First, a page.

U.S. corn stockpiles at the end of next summer will probably be more than 1 percent smaller than the government forecast last month, according to several analysts, underscoring the outlook for tight supplies that will keep livestock producers’ feed costs elevated next year.
By the end of the 2011-12 marketing year in August, domestic corn supplies will total about 831 million bushels, based on the average estimate in a survey of 19 analysts conducted by Thomson Reuters before the U.S. Department of Agriculture’ next monthly Supply and Demand report.
So-called ending stocks, a closely-followed gauge of the supply cushion, would be down 12 million bushels from the USDA’s estimate last month and down 299 million bushels, or 26 percent, from the 1.13 billion bushels on hand at the close of 2010-11, based on the survey. Projected stockpiles would also be the lowest in 16 years.
The report is scheduled for release Dec. 9 at 7: 30 a.m. Central time.
Corn buyers face historically low supplies after unfavorable weather hampered this year’s U.S. crop and ethanol makers used record amounts of the grain. While the corn market has tumbled 26 percent from all-time highs near $8 a bushel in June, based on Chicago futures, prices into next summer are still expected to trade at double the levels of five years ago.
Pricey corn is prompting overseas buyers and domestic cattle, chicken and hog producers to cut back, with 2011-12 U.S. exports expected to drop to a nine-year low and feed use pegged at a 22-year low, according to previous USDA outlooks.
“Extremely high corn prices likely have rationed out some export demand,” industry analysts Steve Meyer and Len Steiner wrote in a Dec. 7 report. “In addition, reports are pouring in of higher feed wheat availability in global markets,” noting that Australia and the Black Sea region are selling wheat that’s “competitively priced” with U.S. corn.
As a result, market participants “will be paying close attention” to any USDA revisions in global supply data, Meyer and Steiner said. “It appears that analysts expect any reductions in exports to be offset by higher domestic use numbers,” either in ethanol or feed use, they said.
Rich Feltes, an analyst with R.J. O’Brien & Associates in Chicago, suspects the USDA may be overstating total U.S. corn demand in 2011-12 by about 50 million bushels, though he said it’s unlikely the agency will make an adjustment of that magnitude in the Dec.9 report.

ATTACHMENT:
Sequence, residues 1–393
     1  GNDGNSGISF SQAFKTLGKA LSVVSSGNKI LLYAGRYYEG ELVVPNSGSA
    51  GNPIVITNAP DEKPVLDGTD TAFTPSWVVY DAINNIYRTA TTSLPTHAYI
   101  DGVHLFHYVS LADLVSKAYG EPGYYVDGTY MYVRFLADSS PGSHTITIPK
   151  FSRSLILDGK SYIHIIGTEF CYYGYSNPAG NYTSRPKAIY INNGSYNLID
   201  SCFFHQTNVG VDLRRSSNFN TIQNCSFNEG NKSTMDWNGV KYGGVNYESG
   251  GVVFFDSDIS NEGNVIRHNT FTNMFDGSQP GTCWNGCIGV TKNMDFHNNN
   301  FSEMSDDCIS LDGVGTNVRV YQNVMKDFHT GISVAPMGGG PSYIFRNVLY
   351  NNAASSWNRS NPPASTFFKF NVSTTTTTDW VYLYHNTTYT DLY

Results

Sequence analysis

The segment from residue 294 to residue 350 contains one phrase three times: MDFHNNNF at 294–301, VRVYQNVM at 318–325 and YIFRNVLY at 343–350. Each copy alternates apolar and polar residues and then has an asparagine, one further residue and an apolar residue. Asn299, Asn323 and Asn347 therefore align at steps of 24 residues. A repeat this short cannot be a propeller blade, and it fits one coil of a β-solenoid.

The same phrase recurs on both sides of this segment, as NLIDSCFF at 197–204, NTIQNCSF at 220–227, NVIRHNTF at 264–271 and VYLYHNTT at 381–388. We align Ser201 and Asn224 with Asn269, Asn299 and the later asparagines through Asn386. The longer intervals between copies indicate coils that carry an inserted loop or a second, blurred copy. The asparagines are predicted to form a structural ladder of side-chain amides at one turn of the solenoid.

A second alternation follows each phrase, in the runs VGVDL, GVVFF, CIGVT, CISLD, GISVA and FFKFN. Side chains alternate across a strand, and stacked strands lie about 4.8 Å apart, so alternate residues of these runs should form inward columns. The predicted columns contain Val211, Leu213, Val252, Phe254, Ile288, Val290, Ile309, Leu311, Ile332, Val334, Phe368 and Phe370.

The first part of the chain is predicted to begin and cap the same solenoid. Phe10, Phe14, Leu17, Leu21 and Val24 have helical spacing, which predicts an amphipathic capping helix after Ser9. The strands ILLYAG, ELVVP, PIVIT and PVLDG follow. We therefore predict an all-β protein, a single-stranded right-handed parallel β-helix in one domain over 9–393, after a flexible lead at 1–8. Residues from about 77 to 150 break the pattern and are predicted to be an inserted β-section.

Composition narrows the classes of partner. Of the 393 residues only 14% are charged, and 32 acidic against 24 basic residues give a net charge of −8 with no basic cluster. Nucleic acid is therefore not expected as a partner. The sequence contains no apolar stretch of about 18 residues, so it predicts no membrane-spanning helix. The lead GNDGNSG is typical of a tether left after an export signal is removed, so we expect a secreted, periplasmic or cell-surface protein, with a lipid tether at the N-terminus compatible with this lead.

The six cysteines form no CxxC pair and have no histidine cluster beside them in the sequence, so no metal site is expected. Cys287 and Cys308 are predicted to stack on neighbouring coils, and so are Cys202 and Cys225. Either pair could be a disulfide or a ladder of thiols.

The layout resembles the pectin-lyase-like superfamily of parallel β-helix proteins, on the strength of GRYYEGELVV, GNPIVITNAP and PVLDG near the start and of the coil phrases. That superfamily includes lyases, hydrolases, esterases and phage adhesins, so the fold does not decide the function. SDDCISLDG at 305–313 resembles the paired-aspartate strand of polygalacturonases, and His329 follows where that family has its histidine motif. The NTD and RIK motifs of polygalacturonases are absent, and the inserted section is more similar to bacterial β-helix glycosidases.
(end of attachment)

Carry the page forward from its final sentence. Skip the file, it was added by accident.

The “jury is still out on 2011-12 U.S. corn demand, although evidence is building that U.S. exports will fall short of expectations,” offsetting possible increases in ethanol and feed use, Feltes said in a report this week.
In its November Supply and Demand report, the USDA lowered estimated 2011-12 feed and residual use for corn to 4.6 billion bushels, down 100 million bushels from a previous forecast and the lowest figure for that category since 4.46 billion bushels in 1989-90. Farm-level corn prices are expected to average $6.20 to $7.20 in 2011-12, up from $5.18 last year.
In midday trading Dec. 7, corn futures for March delivery fell 7 cents to $5.89 ½. Earlier this week, futures touched the lowest level in a year, based on the closest-to-expiration contract.
On a global level, shrinking U.S. corn supplies are being mitigated to some extent by bigger crops in Argentina and China, analysts said. Last month, the USDA projected worldwide corn production in 2011-12 at 859 million metric tons, or 33.8 billion bushels, up 3.7 percent from last year and an all-time high.
Allendale, Inc., a McHenry, Ill.-based advisor, said global corn ending stockpiles for 2011-12 may be revised about 1.2 percent higher, to 123.1 million metric tons. The Chinese government last week raised its forecast for the country’s corn crop to 191.8 million metric tons, 4 percent above the USDA’s current estimate, Allendale analyst Rich Nelson said.
In China, “this year’s production has been bolstered by both higher acreage as well as much better than expected yields,” Nelson said in a Dec. 7 e-mail. “We expect USDA to recognize some of this news on Friday’s report. Additionally, we expect a slight revision lower to U.S. corn demand.”
Still, global corn supplies are expected to remain historically low. The USDA’s estimated ending stockpiles for 2011-12 amount to about 51 days’ supply, down from 56 in 2010-11 and the lowest in at least 31 years, based on data from AgTraderTalk LLC.